It’s hot, that much is clear. Not much else in the film is clear, but it doesn’t seem to matter. What we know is that 18-year-old Jess and 12-year-old Moss are on an abandoned farm somewhere in rural Kentucky and they are alone. I spent the entire film looking for hints as to why. Where are the parents? Where are any adults? How are they eating and powering the tape players that they use to listen to their odd cassettes?
The days are long and wandering and they seem to always have something to do to occupy their time. The film doesn’t follow a traditional narrative, but explores the summer through a variety of film stocks and techniques, in bits and pieces. This was a fascinating way to explore the story, giving the audience a whole bunch of pieces, but not enough to make up the whole picture.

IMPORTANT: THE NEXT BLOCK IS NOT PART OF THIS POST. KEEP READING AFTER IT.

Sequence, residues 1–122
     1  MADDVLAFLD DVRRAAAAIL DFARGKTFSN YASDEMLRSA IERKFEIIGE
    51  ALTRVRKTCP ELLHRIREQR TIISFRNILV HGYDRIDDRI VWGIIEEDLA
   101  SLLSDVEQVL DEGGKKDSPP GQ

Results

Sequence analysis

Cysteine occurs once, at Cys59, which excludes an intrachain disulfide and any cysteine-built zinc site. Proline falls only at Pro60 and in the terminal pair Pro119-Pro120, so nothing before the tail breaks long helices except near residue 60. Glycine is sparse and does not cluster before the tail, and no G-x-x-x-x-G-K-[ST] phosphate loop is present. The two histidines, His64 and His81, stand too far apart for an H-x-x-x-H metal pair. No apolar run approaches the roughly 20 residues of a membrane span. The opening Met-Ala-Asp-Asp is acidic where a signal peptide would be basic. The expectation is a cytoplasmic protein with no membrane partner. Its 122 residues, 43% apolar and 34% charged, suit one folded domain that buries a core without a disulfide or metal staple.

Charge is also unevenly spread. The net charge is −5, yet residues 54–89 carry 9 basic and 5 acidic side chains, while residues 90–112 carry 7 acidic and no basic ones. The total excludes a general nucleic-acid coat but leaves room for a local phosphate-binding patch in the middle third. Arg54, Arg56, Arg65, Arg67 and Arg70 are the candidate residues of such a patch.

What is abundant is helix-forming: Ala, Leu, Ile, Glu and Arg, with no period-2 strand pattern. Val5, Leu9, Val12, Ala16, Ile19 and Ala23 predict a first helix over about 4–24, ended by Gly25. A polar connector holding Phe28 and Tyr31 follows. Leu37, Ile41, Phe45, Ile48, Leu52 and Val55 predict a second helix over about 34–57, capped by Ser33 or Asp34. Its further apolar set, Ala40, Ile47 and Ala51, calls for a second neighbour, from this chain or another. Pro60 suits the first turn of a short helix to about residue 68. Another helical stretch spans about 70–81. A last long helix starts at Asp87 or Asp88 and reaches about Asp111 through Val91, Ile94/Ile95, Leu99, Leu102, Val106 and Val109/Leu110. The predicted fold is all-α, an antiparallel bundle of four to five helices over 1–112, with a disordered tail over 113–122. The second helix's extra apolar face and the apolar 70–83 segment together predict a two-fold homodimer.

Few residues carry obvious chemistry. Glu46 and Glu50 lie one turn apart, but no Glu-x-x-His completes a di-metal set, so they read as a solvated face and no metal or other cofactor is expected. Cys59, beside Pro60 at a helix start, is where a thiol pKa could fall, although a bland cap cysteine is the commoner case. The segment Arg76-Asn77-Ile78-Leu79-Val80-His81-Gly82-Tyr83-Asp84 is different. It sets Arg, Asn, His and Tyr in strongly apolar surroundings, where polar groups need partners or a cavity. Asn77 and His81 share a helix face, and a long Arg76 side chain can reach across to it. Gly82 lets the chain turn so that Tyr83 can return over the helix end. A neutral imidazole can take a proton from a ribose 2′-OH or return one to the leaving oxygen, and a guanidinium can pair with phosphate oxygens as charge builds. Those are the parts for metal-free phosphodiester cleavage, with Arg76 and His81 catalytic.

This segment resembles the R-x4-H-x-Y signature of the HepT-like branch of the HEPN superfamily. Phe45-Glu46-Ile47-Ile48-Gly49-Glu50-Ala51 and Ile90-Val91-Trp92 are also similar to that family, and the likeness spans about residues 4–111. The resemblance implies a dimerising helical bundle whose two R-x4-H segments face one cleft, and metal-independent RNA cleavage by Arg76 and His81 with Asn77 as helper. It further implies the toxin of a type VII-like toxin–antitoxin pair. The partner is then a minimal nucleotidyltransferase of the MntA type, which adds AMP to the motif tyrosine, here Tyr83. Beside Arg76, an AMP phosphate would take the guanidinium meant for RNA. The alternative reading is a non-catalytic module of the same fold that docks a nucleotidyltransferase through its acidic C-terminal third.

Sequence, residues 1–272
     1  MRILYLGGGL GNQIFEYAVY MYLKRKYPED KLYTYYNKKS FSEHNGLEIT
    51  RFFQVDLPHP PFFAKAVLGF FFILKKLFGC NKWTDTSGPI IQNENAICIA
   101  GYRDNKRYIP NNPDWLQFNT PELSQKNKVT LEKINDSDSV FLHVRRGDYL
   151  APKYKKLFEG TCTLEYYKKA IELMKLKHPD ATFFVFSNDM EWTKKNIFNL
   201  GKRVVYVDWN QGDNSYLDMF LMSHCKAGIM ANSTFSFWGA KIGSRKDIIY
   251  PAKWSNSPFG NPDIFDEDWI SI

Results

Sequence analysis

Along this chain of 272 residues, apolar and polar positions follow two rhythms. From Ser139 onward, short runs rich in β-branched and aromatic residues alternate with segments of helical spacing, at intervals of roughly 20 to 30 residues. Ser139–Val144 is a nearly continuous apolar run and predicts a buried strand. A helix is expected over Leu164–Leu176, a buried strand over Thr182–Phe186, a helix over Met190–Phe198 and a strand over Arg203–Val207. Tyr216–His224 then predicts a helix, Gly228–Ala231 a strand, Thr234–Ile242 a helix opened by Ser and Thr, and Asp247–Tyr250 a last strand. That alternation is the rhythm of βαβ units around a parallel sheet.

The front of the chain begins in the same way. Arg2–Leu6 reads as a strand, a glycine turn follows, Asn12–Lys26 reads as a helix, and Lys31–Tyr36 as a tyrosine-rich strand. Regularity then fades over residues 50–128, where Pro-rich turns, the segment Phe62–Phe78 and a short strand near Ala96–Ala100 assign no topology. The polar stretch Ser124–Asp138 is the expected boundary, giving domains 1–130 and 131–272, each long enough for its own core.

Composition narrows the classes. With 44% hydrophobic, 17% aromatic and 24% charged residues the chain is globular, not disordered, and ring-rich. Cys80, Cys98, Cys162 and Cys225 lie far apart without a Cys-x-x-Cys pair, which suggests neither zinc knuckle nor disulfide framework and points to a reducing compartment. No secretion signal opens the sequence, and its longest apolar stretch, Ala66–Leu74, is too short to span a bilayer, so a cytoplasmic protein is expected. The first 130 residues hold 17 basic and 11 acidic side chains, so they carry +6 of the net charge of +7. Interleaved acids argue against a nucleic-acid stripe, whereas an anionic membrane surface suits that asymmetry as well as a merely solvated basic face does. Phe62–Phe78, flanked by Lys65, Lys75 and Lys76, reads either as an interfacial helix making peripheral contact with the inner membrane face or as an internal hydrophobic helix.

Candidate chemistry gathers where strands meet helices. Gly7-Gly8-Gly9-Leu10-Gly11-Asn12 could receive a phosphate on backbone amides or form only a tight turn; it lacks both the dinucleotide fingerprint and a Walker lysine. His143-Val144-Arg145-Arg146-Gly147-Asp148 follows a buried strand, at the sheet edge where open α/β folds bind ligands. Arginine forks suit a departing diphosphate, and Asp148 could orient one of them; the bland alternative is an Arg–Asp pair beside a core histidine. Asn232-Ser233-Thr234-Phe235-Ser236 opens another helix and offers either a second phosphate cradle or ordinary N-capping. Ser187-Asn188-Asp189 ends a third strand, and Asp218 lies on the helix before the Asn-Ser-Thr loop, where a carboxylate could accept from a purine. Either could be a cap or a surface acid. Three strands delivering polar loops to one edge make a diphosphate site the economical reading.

Seeing this film was like visiting an art gallery. I enjoyed not knowing everything and the sense of exploration that the viewer feels as these two characters explore the world around them. This film certainly won’t be for everyone, but I loved it.